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21/06/16 1 1 DNS Security Tutorial TWNOG 23 June 2016 Taipei, Taiwan Overview DNS Protocol Overview DNS Security DNS Transactions TSIG and Lab DNS Security Extensions (DNSSec) DNSSEC Lab

Overview - TWNIC · Overview • DNS Protocol Overview • DNS Security • DNS Transactions – TSIG and Lab • DNS Security Extensions (DNSSec) – DNSSEC Lab . 21/06/16 2 DNS

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    DNS Security Tutorial

    TWNOG 23 June 2016 Taipei, Taiwan

    Overview •  DNS Protocol Overview

    •  DNS Security

    •  DNS Transactions –  TSIG and Lab

    •  DNS Security Extensions (DNSSec) –  DNSSEC Lab

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    DNS 101 How to Query the DNS

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    Domain Name System •  A lookup mechanism for translating objects into other objects

    –  Mapping names to numbers and vice versa

    •  A globally distributed, loosely coherent, scalable, reliable, dynamic database

    •  Comprised of three components –  A “name space” –  Servers making that name space available –  Resolvers (clients) query the servers about the name space

    •  A critical piece of the Internet infrastructure

    4

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    IP Addresses vs Domain Names

    The Internet

    2001:0C00:8888:: My Computer www.apnic.net 2001:0400::

    www.apnic.net 202.112.0.46 2001:0400::

    DNS

    5

    DNS Features •  DNS is a client-server application •  Requests and responses are generally sent using UDP

    packets port 53

    •  Occasionally uses TCP port 53 for large requests –  e.g. zone transfer from master to slave

    6

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    Root .

    .org .net .com .au

    .edu.au

    example.edu.au

    .gov

    .jp

    .tv

    .in x.y.z.a

    www.example.edu.au

    a.b.c.d

    e.f.g.h

    i.j.k.l

    m.n.o.p w.x.y.z.

    p.q.r.s

    “Ask a.b.c.d” “Ask e.f.g.h”

    “Ask i.j.k.l”

    “Go to m.n.o.p”

    local dns www.example.edu.au?

    “go to m.n.o.p”

    www.example.edu.au?

    www.example.edu.au?

    www.example.edu.au?

    www.example.edu.au?

    Querying the DNS – It’s all about IP!

    7

    The DNS Tree Hierarchy Root .

    net jp org com arpa au

    whois

    edu bnu

    iana

    www www

    www wasabi

    ws1 ws2

    edu com net abc

    www

    apnic gu

    www

    FQDN = Fully Qualified Domain Name

    8

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    NET Domain

    APNIC.NET Domain

    AU Domain

    www.def.edu.au?

    Root . net org com arpa au

    whois

    iana

    www www wasabi

    ws1 ws2

    edu com net abc

    www

    apnic def

    www

    Domains

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    Delegation •  Administrators can create subdomains to group hosts

    –  According to geography, organizational affiliation or any other criterion

    •  An administrator of a domain can delegate responsibility for managing a subdomain to someone else –  But this isn’t required

    •  The parent domain retains links to the delegated subdomain –  The parent domain “remembers” to whom the subdomain is delegated

    10

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    Zones and Delegations •  Zones are “administrative spaces” •  Zone administrators are responsible for a portion of a

    domain’s name space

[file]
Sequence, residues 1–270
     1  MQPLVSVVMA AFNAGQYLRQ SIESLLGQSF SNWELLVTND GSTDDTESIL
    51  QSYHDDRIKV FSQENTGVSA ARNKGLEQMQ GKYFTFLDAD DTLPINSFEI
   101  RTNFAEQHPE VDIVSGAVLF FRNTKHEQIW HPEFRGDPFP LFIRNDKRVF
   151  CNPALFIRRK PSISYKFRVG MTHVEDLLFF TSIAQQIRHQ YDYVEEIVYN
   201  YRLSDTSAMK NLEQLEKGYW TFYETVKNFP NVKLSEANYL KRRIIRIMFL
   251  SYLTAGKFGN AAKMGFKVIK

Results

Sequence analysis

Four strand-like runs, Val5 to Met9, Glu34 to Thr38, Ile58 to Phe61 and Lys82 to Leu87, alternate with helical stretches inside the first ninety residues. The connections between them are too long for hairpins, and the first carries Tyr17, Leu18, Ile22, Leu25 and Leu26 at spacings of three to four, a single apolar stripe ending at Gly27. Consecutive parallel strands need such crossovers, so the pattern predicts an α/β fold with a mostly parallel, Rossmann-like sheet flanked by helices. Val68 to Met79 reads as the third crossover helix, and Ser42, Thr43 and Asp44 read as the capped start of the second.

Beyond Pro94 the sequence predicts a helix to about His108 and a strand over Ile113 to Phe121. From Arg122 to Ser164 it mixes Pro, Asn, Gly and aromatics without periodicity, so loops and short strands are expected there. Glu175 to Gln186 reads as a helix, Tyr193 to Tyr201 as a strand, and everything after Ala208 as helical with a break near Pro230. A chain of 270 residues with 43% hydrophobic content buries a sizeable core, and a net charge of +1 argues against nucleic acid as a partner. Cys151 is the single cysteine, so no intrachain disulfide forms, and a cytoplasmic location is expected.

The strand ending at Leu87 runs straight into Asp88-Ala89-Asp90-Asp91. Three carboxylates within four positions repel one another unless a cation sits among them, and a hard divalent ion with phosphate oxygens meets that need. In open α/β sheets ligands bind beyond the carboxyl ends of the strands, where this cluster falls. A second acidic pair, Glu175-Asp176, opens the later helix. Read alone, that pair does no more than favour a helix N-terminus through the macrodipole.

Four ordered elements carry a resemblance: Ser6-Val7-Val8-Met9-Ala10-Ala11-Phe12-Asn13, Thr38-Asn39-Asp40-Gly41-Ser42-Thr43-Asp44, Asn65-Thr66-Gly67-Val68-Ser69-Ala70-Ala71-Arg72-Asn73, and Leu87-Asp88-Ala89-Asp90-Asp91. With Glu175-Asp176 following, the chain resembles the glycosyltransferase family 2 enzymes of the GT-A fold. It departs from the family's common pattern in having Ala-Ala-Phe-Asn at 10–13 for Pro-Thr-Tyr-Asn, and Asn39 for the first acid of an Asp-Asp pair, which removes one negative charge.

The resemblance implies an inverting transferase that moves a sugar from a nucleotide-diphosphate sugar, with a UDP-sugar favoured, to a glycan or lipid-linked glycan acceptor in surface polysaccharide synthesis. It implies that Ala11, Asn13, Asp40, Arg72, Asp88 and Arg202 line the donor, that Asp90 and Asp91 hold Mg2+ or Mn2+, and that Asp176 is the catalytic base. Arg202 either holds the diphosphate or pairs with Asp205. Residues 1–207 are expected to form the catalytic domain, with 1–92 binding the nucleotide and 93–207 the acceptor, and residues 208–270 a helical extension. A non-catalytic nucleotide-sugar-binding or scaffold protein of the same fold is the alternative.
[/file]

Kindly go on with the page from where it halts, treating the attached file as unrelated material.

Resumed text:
•  Authority is delegated from parent to child

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    NET Domain

    APNIC.NET Domain

    NET Zone

    TRAINING.APNIC.NET Zone APNIC.NET Zone doesn’t include TRAINING.APNIC.NET since it has been “delegated”

    APNIC.NET Zone

    Root . net org com arpa

    whois

    iana

    www www training

    ns1 ns2

    apnic

    Zones

    12

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    Name Servers •  Name servers answer DNS queries •  Several types of name servers

    –  Authoritative servers •  Primary (Master) or Secondary (Slave)

    –  Caching or recursive servers •  also caching forwarders

    •  Mixture of functions

    Primary

    Secondary

    13

    Is the DNS protocol secure? The original protocol wasn’t designed for

    security

    14

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    DNS Protocol Vulnerability •  DNS data can be corrupted as it transfers between

    primary server, resolver or forwarder •  There is no way to check the validity of DNS data •  DNS transactions can be compromised

    –  Primary server sending data to wrong secondary server

    •  Incorrect data can be added to a DNS cache

    How???

    DNS: Data Flow

    master Caching forwarder

    Zone administrator

    Zone file

    Dynamic updates

    1

    2

    slaves

    3

    4

    5

    resolver

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    master Caching forwarder

    Zone administrator

    Zone file

    Dynamic updates

    1

    2

    slaves

    3

    4

    5

    resolver

    Server protection Data protection

    Corrupting data Impersonating master

    Unauthorized updates

    Cache impersonation

    Cache pollution byData spoofing

    DNS Vulnerabilities

    DNS Cache Poisoning

    (pretending to be the authoritative

    zone)

    ns.example.com

    Webserver (192.168.1.1 2001:DB8::1)

    DNS Caching Server

    Client

    I want to access www.example.com

    1

    QID=64571 2

    QID=64569 QID=64570 QID=64571

    www.example.com 192.168.1.1 www.example.com 2001:DB8::1

    match!

    www.example.com 192.168.1.99 www.example.com 2001:DB8::9

    3

    3

    Root/GTLD

    QID=64571

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    DNS Amplification •  A type of reflection attack combined with amplification